When we first launched Infatuation Chicago, someone once asked how our rating system worked. I told him it was a one to ten scale, and he facetiously replied by saying he’d have to spend some time figuring it out. But maybe you actually have spent time trying to figure out how our rating scale works, specifically why most of our reviews fall into a similar range. And the truth is, the majority of our reviews fall into a similar range because the majority of restaurants are very solid. Separating from the pack is the hard part, and to do that, a restaurant must impress us. Impress us the same way 1995 Mariah Carey did when we first heard her hit the high notes in “Always Be My Baby.”
After return trips to ensure our first meal wasn’t a fluke, there is no doubt Parachute is impressive. We aren’t the first to make this claim, evident by the fact you can tell half the crowd ended up here after googling “Best Restaurants in Chicago,” but we’d be bad friends for not emphatically letting you know that all the Parachute praise is legit.
Parachute is impressive. Parachute is exceptional. Parachute makes us walk out of a meal thinking it was more enjoyable than most of the meals we’ve had at other restaurants, and we eat at a lot of restaurants. Parachute is nice, but not fancy. Different, but not crazy exotic. Lively, but not a party - you can easily hear the people sitting with you. The small restaurant seats 40 people at most, with a handful of tables that we prefer to sit at plus a communal counter. There are a few old speakers mounted to a wall up front to give it some identity, but otherwise design is minimal and sleek.
The food speaks louder than the design, but it more than speaks to us, it sings to us, whether it’s the staple dishes or a few of the items that rotate in and out. The Korean American concoctions aren’t exactly Korean, nor are they American, but it’s the kind of fusion that make us nod our heads in approval. We don’t even like using the term fusion. Fusion gives the notion that you should expect to satisfy specific cravings for Korean and American food within a finite set of fusion rules, and that’s not the case. There are no rules at Parachute, only creativity that you should judge from a clean slate.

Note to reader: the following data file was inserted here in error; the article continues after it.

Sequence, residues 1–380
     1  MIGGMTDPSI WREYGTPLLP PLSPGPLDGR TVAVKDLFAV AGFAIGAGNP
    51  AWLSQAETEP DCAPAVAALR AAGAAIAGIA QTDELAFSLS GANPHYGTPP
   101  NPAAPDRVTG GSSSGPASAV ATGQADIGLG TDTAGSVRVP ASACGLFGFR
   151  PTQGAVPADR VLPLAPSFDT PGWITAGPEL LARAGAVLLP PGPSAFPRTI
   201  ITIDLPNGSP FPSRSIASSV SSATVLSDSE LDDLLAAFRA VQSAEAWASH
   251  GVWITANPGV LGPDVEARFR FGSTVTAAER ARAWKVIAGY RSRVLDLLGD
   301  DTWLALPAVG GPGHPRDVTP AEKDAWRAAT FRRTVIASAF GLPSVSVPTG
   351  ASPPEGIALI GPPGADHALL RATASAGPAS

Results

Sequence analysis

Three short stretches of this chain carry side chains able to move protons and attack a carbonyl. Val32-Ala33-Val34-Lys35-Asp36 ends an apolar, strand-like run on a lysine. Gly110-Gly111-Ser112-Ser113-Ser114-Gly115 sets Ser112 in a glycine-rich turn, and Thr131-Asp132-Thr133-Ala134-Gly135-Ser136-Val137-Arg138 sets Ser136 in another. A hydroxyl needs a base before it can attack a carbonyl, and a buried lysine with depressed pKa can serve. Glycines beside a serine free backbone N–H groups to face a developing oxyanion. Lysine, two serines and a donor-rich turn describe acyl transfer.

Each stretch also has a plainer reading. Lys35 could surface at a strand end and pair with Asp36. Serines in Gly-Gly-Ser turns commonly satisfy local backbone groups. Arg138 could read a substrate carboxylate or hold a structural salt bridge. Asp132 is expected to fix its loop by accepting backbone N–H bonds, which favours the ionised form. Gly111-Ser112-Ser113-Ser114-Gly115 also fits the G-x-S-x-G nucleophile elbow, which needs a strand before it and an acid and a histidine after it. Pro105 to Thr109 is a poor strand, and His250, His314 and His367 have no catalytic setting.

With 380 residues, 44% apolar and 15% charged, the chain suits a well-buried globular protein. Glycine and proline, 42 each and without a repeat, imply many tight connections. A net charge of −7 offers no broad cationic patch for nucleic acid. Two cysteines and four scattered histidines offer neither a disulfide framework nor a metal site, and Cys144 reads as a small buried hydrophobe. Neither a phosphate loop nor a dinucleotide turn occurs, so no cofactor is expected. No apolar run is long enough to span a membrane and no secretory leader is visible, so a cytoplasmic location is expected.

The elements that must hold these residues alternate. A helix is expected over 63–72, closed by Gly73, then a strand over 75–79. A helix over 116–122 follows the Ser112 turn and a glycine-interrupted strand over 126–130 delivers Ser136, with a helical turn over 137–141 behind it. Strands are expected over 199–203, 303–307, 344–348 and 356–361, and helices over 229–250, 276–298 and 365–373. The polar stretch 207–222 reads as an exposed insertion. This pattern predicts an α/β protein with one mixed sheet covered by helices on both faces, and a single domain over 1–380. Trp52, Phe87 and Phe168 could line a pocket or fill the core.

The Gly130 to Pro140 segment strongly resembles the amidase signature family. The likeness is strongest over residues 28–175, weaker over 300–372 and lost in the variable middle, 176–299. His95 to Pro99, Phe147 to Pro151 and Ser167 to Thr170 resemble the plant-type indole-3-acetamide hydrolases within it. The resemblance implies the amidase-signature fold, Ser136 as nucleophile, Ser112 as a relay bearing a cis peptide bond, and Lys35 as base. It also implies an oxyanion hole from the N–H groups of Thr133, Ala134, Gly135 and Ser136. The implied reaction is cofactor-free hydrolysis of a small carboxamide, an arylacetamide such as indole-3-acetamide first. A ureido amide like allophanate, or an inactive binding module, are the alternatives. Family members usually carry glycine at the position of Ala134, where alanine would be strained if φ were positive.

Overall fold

Like a mid 90′s Mariah, Parachute’s food octave is in a league of its own.
If you come to Parachute and don’t order the staple bing bread, then you should just give up on life altogether. It tastes exactly like a baked potato, but much better. Make sure to be generous with the sour cream butter, and know that a half order is good for two people, but any more than that and you need the whole.
Think of this like a chopped asparagus side salad, and a little more sophisticated than the one your Aunt Cindy made at the last family barbecue. It’s mixed with tandoori chicken skin and an Indian style raita that gives the asparagus a noticeable kick of heat.
I wasn’t sure what to expect from this fried tapioca, but even if I had expectations, they would have been blown away. These little fried tapioca blocks are a little crispy on the outside, spongy on the inside, and covered in truffle furikake (seasoning) because why not.
Three different versions - kimchi, chili chayote, and watermelon radish zuke. All interesting, all good.
The sesame leaves themselves have only subtle flavor, but the tempura fry bath they get is absolutely perfect. The bourbon barrel soy sauce adds some sweetness too.
Boudin noir is blood sausage, and this is one of the most interesting dishes we’ve ever had. A smooth block of blood sausage sits in the middle of the plate, covered and surrounded by what Parachute calls a “seedy salad” with rhubarb and raspberry vinegar. Know that there’s popcorn in the seedy salad, and if blood sausage at all interests you, this is a must try.
Tender pieces of sliced duck breast with wheat berries, fava beans, ramps, and feta. It’s great duck, but unless you’re ordering the whole menu, we’d lean towards ordering one of the two other dishes below.
Bi Bim Bop on steroids with Spanish mackerel, escarole, barbecued onion, seaweed, and a soft egg. This isn’t the cheap version from your local spot, and it’s best if shared amongst a few.
The first time we had Parachute’s hot pot was the exclamation point on confirming this place is the real deal. They take a seemingly straightforward dish and manage to make it so damn good. It’s the most expensive thing on the menu at around $38, but it’s large and more than enough for a couple of people. The version we’ve had includes a delicious broth with a bit of spice, wheat noodles, black radish, little neck clams, leeks, egg, and wild fern. You want this, or whatever similar style is offered when you’re there.